Later, when working as a self-employed jeweller, and turning out the equivalent of a degree show every three months, I realized we'd been on the wrong tack. What we should have been doing was creating a body of work; making lots of things, including mistakes, then at the end of each term assessing what worked and what didn't, and moving on from there.
If you look at all of a writer's books, or an exhibition of a designer's work, there will be some things you love, others you don't. Mary Renault has written books I will reread for the rest of my life, and others (some of her early work) I've read once. Lalique was a genius, but a few of his pieces do nothing for me at all. And this is fine; fine for them, and for the rest of us too. Few mistakes are fatal. Let's all take risks, get things wrong, and care less about it. We're more likely to get it right in the end.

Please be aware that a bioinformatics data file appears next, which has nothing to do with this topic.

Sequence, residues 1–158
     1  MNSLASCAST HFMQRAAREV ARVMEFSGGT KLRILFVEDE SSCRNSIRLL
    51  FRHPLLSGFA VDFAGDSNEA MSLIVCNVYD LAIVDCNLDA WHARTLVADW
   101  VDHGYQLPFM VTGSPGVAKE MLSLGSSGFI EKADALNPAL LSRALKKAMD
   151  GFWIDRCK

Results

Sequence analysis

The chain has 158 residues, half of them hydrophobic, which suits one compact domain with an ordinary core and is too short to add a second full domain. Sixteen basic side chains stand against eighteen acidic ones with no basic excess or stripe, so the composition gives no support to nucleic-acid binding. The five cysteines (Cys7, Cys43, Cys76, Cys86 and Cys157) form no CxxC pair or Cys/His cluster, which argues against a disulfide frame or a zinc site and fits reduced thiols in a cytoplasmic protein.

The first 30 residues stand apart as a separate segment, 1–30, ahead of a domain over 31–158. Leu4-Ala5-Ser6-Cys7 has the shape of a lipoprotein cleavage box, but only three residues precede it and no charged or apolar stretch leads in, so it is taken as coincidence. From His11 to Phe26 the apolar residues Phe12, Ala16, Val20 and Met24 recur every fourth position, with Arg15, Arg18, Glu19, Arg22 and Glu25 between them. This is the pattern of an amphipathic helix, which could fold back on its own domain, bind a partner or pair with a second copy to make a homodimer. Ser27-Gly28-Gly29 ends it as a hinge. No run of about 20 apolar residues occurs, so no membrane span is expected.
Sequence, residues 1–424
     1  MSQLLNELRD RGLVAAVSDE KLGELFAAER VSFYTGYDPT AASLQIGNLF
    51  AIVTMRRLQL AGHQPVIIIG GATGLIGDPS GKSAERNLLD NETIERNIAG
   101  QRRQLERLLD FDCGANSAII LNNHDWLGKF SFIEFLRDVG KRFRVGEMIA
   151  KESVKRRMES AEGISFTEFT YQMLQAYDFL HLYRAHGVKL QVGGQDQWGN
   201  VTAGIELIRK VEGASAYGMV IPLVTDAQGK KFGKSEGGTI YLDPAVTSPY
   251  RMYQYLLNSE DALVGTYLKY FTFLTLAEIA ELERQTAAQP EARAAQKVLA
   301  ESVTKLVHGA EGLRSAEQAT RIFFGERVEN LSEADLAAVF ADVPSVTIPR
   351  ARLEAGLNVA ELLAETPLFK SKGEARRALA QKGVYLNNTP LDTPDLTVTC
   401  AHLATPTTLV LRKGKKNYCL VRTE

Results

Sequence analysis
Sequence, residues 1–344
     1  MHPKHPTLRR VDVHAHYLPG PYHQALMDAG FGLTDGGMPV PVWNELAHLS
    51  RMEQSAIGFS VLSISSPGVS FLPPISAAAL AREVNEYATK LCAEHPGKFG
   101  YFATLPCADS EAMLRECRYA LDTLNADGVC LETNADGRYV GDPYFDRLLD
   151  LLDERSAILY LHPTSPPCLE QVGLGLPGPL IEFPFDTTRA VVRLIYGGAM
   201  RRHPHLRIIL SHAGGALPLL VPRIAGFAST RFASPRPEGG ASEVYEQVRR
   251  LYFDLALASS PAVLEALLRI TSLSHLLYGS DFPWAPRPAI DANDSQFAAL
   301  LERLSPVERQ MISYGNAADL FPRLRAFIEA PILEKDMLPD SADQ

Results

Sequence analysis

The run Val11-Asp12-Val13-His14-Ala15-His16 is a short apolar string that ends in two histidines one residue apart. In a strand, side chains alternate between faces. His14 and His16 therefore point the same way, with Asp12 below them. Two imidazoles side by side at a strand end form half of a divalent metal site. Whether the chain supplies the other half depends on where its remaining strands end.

I have Jerry Cleaver’s Rules of the Page copied to the notes of each book I write. Here they are:
- Creating isn't normal reality.
- You will make a mess.
- You must write badly first.
- Mistakes lead to discovery.
- Letting yourself be bad is the best way to become good.
- Everything can be fixed.
- The less you care, the better you write.
- Everything that happens is OK.
- Progress is never even.
- It will get good again—always.
- Keep writing no matter how awful it feels.